The antenna would benefit from multiple 17′ counterpoises, but I really wanted to keep this setup dead simple to prove that anyone can build an effective field antenna with a very minimum amount of components.
Even though I have plenty of wire lying around the house to build this simple antenna, I wanted to pretend I had none to prove that any wire would work.
And to add just a wee bit more challenge, I also limited myself to shopping for antenna wire between my home and the park without making a serious detour from my route. That really limited my options because there isn’t much in terms of commercial areas between me and Lake James State Park.
As I left the QTH, I decided that the best spot to shop was a Walmart in Marion, NC. It would only be a four minute round-trip detour at most. I had a hunch that Walmart would even have speaker wire which would be ideal for this application.
In my head, I imagined I would have at least three or four choices in speaker wire (various gauges and lengths), but turns out I had a difficult time finding some at Walmart. We live in such a Bluetooth world, I suppose there isn’t much demand for it these days. A store associate helped me find the only speaker wire they had which was basically a 100 foot roll of the “premium” stuff for $17 US.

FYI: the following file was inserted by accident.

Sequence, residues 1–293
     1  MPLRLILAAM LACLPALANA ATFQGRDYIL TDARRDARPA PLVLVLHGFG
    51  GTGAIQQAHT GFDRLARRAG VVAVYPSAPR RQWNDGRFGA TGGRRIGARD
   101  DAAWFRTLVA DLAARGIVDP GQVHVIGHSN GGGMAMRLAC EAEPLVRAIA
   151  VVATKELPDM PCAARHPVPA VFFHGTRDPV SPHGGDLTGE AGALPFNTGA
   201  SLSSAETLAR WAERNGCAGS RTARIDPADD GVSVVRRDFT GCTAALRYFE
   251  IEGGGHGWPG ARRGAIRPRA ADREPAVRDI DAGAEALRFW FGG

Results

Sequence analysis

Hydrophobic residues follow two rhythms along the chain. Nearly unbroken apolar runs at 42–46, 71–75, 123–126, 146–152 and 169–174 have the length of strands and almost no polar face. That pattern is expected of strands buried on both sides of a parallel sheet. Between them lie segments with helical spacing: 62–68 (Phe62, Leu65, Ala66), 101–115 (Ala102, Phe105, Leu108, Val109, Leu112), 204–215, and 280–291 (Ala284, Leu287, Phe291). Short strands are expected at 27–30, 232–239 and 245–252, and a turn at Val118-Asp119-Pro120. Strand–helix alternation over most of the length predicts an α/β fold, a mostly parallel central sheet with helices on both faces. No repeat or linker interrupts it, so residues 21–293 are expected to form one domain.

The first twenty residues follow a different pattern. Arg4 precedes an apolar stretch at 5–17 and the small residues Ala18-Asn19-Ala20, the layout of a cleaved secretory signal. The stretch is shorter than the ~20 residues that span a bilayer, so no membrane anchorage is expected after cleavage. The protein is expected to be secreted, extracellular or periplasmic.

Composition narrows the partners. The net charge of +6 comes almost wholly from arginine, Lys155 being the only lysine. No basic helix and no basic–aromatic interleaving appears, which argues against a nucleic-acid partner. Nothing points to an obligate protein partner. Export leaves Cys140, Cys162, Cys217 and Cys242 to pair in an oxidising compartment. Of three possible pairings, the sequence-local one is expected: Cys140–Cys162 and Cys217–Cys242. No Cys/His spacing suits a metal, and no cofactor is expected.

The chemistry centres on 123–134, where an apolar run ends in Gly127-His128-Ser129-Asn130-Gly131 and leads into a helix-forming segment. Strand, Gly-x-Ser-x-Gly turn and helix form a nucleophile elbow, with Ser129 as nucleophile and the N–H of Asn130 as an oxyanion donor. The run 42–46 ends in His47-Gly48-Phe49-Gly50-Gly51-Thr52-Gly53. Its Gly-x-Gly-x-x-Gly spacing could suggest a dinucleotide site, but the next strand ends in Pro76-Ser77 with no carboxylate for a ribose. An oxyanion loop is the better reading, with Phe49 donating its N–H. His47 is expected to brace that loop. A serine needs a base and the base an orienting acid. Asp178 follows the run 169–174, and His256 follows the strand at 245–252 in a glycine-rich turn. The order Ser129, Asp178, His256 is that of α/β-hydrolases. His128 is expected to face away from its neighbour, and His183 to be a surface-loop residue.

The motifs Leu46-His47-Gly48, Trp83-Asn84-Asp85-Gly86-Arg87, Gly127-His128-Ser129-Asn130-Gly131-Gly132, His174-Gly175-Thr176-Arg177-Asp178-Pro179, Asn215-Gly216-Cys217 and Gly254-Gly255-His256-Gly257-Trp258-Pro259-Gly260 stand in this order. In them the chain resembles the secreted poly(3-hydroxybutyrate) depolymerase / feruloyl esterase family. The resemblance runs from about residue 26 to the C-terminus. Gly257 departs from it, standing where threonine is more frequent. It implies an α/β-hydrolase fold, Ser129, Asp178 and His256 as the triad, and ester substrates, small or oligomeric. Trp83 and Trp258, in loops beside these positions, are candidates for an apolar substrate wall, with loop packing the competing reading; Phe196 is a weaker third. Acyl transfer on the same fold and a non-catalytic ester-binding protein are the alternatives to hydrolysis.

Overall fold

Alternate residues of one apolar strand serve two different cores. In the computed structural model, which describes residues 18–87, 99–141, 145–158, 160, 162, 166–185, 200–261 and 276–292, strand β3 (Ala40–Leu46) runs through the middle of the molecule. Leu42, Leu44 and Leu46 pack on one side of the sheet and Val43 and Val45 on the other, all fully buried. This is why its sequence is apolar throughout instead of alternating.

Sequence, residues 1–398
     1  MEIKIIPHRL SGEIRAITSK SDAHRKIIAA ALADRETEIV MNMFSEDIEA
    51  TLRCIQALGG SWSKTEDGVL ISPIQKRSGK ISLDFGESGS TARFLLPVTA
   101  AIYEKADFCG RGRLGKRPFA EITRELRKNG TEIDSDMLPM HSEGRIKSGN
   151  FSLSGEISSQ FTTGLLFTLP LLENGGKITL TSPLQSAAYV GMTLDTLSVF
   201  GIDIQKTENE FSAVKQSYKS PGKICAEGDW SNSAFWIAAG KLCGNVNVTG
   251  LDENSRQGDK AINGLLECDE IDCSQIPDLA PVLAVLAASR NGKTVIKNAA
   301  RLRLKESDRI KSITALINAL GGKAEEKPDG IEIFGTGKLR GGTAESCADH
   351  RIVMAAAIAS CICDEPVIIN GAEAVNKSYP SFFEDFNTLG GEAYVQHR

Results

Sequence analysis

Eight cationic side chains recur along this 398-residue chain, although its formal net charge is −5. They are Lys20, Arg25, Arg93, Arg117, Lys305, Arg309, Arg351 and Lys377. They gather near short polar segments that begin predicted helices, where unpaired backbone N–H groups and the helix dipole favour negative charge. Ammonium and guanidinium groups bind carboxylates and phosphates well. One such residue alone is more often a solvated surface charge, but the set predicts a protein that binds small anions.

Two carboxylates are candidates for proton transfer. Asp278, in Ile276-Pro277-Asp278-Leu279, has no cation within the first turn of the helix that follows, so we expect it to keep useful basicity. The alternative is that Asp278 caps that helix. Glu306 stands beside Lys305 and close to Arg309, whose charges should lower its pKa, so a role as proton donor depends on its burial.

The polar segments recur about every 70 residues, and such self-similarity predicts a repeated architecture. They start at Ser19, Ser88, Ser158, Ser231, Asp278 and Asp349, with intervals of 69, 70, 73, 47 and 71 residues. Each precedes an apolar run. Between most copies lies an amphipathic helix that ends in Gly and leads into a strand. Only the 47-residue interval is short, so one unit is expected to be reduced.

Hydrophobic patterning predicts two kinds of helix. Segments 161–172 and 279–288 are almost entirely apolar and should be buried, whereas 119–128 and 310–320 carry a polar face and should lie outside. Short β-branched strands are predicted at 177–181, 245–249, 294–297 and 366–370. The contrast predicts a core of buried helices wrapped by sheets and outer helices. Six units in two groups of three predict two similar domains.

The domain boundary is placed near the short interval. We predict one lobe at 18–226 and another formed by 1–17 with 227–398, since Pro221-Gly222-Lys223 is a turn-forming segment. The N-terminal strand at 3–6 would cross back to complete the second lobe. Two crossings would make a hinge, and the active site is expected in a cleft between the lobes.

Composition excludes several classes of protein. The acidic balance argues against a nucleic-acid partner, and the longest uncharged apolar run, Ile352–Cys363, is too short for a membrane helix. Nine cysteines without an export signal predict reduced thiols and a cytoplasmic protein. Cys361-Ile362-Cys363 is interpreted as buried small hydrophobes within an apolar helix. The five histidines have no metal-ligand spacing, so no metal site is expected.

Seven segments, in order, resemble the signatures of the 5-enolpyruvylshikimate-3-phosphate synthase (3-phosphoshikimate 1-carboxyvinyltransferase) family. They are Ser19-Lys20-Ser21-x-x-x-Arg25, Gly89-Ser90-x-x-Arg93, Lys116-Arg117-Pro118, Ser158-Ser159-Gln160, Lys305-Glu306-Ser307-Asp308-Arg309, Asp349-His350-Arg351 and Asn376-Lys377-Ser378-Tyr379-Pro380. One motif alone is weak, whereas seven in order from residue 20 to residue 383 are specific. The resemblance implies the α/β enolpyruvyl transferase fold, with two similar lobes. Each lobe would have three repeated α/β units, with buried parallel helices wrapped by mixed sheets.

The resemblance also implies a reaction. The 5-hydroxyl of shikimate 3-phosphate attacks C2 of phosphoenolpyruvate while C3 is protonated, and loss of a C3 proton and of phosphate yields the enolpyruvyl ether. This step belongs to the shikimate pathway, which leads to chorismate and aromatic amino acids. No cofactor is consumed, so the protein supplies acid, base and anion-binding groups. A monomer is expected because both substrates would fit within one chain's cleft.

While I would like to have paid a fraction of that, in the end it’s not a bad price because once you separate the two conductors, you have double the amount of wire: 200 feet.
Although the frugal guy in me cringed, I bit the bullet and purchased their speaker wire. To be clear, though, I could have found another source of wire in that Walmart, but I preferred speaker wire for this application. And $17 to (hopefully!) prove a point? That’s a deal! 🙂
Lake James State Park (K-2739)
Once I arrived on site, I found a picnic site I’d used before with some tall trees around it.